So that was taken back in the day and they sold it as a service so they would know, reach out to all of the larger retailers out of Tel Aviv, Israel, and, you know, bang on their doors asking for, you know, give me access to your data. And back then 2009, you know, especially out here out of Israel, it wasn't, you know, such a common practice to, you know, take leverage data to, invest in your existing customer base. So at the beginning was very hard to find, you know, people that would be able to willing to share their data. But we had success with some of the larger retailers out of Tel Aviv. The ideal was even back then, that it's very, very hard to scale a services company. So from day one, the two founders knew that at some point they want to, they want to, you know, pivot into becoming a SaaS company. And the model was bootstrapped. We never took any VC fund. So what they did is they used to teach in the university during daytime and a night time, you know, sell that model and as, as a consultancy service with the margins, they started developing the software and then hire the first developer and so on and so forth, and around 2010-11, the first version of the software was out there. And back then it was, they just bake that, that model into a software where you feed with data and the output is a very robust granular segmentation and predictive analytics per each and every customer fed into the model. Fast forward around 2013, we rebranded and then that's when the company was started to be called Optimove. That was the name of the product. And then around 2015, over 60, 70 percent of the company's income was from SaaS licensing where that point per se, we're a, you know, a SaaS product, a company.
I came in around 2012 where at the beginning to begin with, I wasn't even a marketer. I came in so, as I mentioned, one of the co-founders of the company, Pini, which is today the CEO of the company also, he was my professor at school. I started, I studied industrial engineering and then, you know, I just sent, sent him this type of kras email saying, hey, how about we change our relationship from, you know, student professor to employer employee, he appreciate, appreciated, you know, by my approach brought me into an interview and then I joined the company as a data analyst. So that was the time when, when we sold, you know, the model as a service. So I used to consult based on this data to a lot of B2C firms out of Tel Aviv. So that's when I joined the company and that's how I started, you know, gaining my marketing experience, even though it's very different than what I do today because that was like more consulting in the B2C marketing space. And today obviously I'm doing B2B marketing. That's when I started in the company.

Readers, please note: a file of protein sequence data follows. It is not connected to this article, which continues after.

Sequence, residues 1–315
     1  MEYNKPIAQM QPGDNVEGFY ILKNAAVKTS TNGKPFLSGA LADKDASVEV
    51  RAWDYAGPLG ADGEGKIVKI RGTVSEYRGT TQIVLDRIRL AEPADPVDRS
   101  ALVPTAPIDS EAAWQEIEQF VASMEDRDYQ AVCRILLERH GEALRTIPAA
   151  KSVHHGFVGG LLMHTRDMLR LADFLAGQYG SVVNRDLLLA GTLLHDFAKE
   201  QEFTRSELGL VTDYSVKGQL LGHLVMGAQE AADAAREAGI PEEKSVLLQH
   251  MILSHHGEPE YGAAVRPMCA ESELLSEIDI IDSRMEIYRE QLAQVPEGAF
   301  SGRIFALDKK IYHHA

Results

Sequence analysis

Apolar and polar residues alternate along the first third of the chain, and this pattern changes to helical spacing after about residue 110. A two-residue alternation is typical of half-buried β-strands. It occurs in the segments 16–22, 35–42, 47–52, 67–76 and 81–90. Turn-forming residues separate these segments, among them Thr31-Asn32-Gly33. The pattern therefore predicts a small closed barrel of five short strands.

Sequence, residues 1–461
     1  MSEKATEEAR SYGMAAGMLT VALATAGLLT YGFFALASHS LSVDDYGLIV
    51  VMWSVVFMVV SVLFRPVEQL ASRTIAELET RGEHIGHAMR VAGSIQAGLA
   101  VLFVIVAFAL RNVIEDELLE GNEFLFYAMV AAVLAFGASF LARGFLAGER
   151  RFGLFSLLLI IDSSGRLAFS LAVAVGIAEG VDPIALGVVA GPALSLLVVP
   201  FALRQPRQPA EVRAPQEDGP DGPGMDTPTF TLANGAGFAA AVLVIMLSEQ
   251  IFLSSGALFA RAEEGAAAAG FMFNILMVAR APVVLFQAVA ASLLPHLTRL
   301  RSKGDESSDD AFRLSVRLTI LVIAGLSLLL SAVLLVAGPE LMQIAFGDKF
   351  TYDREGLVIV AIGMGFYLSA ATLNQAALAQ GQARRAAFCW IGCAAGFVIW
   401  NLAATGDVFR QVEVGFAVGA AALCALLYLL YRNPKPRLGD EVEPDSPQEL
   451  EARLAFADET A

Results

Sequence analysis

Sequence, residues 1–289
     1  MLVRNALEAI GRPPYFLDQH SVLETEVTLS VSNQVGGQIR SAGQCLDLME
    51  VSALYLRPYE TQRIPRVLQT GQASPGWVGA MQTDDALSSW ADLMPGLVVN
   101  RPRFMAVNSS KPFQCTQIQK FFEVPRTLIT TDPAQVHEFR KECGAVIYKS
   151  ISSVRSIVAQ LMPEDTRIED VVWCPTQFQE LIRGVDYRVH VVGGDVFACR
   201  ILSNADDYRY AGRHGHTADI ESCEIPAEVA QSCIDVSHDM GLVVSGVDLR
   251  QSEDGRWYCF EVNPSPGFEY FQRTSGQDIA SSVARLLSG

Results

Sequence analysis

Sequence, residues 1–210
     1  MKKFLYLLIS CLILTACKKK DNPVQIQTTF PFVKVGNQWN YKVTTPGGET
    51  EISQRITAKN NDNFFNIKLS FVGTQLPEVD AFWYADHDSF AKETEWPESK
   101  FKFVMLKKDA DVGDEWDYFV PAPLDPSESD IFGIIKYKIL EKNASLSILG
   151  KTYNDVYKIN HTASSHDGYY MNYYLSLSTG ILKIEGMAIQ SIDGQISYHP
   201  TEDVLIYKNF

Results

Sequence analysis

That makes a ton of sense. And congratulations to the founder, to everyone in this company, it sounds like an incredible journey and incredible ride. It's oftentimes you see these services evolve into, into SaaS, right? As you want to automate it because services is so hard to scale. So it makes a ton of sense. You know, I guess just listening to you guys obviously very academic, a lot of things happening in the SaaS company and the product itself. What is, you know, is there a pain point that you're facing when you switched over to marketing, trying to explain something so advanced, it's advanced technology trying to find product market fit for it, or do you feel like selling in the services first gave you guys a leg up on like how to talk to these companies who wanted it, how to approach it? Or is that something you guys had to figure out when you got to SaaS and started talking about it again?
That's a great question. Is pretty much the story of my life nowadays and you know, for the past 6 years. So the idea is that if you think about it, what we sell is a product that helps brands maximize the value of their existing customers. Now this is from a business perspective, it's counter, it's not counter intuitive, but back then talking about 2010, it wasn't as intuitive. Usually we'd sell to companies that have a vast online presence and then, you know, the whole entire online world is quite new compared to, you know, the traditional businesses. So they've been around, you know, the pioneers for 15 years and typically in, you know, quote on quote off new types of environments. What did, what, what, what is most intuitive to the marketer is to pump new blood into the system. So it's much more intuitive to invest into acquisition. But then retention is something that you know, is definitely not a commodity.
Something that, you know, if you tell a marketer, okay, you spent $10, you bring in a new customer, but then now I'm telling you spend another $10 and you know, you already have that customer. But what will just help you know, maximize their value. That's not as intuitive. Today the story's a bit different, but back then we had to fight to educate the market that, you know, relationship marketing and retention marketing isn't just email blast, it's so much more than that. So that's pretty much the challenge, you know, back then, today it's more intuitive and today, you know, we're just competing against, you know, the other company, the other solution providers out there, with, you know, our unique differentiators. But back then it was even, you know, building a business case was a nightmare.